Even though the Game Boy Advance has been on the market for more than three years, the one-on-one fighter genre hasn't exactly taken off on the platform. The system does have its fair share of these games, from Street Fighter II
to Mortal Kombat: Deadly Alliance
, but only about a dozen games out of several hundred can be considered part of the genre, barely a drop in the bucket in comparison. And for hardware that's meant to excel in the 2D department you'd figure more companies would pounce a bit stronger than they had. Bandai's made the attempt to fill the void with an original fighter based on the giant robot series, Mobile Suit Gundam Seed
, and while we can appreciate the direction the company went with the product, the overall feeling is that it's a slightly bland and underwhelming experience on the GBA.
Gundam Seed Battle Assault
- 12 characters
- Seven modes of play
- Password save
- Link cable support for two players
takes those gigantic robotic fighting machines out of the anime series and into a mano-a-mano Street Fighter
style brawler, pitting as many as twelve different machines against each other. The game offers eight to start with, with the other four unlockable as certain tasks are completed (or you simply cheat and enter the password
that unlocks them; since the game features no battery save, a password system is in its place to record progress).
The idea of having gigantic robots duking it out is extremely appealing, if done right. To the game's credit, the developers really give the robots a lot of weight to their movements, and make them feel "mechanical." It does follow anime physics, so these guys can zip around and slash faster than the eye can comprehend, and they let off some pretty stunning energy when blasting their proton cannons. But even though their movements are exaggerated, they still have an appropriately stiff feel that makes them fit their mechanical nature. It might not be the best "feel" for a fighter, but at least the developers rooted these guys into an appropriate reality.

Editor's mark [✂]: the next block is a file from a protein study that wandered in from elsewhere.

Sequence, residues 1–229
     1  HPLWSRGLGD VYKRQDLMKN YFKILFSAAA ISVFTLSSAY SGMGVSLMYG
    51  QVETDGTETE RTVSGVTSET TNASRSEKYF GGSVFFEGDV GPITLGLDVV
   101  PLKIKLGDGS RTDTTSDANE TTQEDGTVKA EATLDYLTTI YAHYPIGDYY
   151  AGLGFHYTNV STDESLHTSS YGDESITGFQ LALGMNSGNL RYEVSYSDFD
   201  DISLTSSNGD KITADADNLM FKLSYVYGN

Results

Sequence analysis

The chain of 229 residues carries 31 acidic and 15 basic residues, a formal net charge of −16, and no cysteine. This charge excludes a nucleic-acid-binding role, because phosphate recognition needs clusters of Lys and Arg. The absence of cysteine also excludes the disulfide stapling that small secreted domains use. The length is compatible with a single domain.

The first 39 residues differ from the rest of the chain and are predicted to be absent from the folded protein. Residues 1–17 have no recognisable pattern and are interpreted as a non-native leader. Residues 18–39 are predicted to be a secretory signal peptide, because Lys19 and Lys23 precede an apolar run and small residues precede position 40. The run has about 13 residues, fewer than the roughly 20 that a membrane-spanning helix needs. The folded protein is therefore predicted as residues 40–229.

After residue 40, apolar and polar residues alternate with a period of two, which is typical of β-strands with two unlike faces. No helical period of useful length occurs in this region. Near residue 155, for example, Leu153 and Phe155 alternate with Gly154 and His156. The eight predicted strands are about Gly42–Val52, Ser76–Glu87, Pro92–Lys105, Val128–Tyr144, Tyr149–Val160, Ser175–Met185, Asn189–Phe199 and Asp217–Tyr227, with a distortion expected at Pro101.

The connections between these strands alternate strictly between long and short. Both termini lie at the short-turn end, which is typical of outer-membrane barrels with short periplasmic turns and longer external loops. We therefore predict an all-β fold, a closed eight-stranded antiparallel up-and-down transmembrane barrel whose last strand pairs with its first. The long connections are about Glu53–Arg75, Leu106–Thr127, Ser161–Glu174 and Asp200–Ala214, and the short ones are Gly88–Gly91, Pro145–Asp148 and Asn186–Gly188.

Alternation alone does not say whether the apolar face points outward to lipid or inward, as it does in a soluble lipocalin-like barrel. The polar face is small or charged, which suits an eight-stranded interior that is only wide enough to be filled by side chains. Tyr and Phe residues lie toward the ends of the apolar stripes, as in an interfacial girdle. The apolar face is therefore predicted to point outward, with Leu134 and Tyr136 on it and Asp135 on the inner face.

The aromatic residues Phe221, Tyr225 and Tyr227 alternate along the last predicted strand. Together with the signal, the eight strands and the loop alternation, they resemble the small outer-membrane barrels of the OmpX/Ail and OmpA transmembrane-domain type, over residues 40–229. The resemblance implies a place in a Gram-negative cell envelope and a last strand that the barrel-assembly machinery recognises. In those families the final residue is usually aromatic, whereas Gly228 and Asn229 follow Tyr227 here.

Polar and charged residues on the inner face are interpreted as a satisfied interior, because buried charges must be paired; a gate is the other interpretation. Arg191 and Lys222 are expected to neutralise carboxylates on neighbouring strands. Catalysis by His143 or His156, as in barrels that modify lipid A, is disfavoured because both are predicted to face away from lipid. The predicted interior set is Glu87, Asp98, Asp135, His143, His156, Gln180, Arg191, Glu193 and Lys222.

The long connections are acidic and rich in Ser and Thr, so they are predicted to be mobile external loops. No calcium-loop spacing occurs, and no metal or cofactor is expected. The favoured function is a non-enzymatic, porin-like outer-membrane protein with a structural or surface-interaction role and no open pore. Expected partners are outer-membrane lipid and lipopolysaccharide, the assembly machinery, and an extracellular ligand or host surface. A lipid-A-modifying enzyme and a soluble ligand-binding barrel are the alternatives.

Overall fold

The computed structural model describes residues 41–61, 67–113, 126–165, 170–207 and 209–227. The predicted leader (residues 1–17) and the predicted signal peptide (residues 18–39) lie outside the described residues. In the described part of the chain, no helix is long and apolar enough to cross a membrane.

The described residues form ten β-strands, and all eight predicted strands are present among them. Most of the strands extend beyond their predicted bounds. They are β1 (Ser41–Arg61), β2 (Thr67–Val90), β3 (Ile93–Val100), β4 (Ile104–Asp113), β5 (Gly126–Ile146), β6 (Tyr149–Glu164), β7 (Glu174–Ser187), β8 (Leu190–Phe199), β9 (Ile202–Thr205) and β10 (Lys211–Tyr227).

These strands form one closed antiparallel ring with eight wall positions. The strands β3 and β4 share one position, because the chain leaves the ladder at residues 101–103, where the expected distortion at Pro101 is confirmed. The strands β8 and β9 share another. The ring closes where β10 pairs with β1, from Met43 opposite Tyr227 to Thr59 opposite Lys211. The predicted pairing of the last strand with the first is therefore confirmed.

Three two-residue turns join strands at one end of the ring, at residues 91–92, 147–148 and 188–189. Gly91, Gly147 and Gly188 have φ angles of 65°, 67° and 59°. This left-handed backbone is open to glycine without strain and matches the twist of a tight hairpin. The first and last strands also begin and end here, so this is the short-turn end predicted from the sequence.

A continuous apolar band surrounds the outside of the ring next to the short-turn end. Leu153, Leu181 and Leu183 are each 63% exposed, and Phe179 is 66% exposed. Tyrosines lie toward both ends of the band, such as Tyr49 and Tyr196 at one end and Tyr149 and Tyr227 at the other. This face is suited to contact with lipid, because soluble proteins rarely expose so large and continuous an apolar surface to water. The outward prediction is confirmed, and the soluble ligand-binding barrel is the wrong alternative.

The real problem is, the game never gives the player any sense of scale. These machines are supposed to be massive beasts several stories tall. They're supposed to blot out the sun with their immenseness. They're supposed to leave craters where they walk. Not anywhere in the game do players ever feel like they're controlling a 50 foot mechanical beast. Instead, it's a generic rock-em-sock-em robot fest that only true Gundam fans will really understand what they're controlling.
The fighting mechanics are certainly competent, if just a bit simplistic. Though all four buttons on the Game Boy Advance are utilized, it's really a two button fighter. The idea of adjusting the Gundam's abilities and shifting the energy from boost to weapons is a good one if it really came into play, but the balance here is so minor that it's really not worth the management time. The simple controls definitely reduce the strategy of Battle Assault, but there is some technique to discover...especially in the boost mechanics where players can zip across in the air to escape a potentially devastating attack. Just like most fighters nowadays, Battle Assault puts emphasis on combos by adding a little counter in the corner during a flurry of hits. But it's not sensitive enough, and flurries of attacks you think are connecting one after the other won't make that counter budge.
And while the game definitely impresses in a fast-paced energetic presentation that'll make fans of the series feel at home, the rest of the presentation -- namely the story mode -- is thrown in with very little "story." Every so often you'll get text that tells the tale of what's going on during the fight, but nowhere do you get any real idea of who these characters are or why they're fighting. Beyond, of course, "it's war!"
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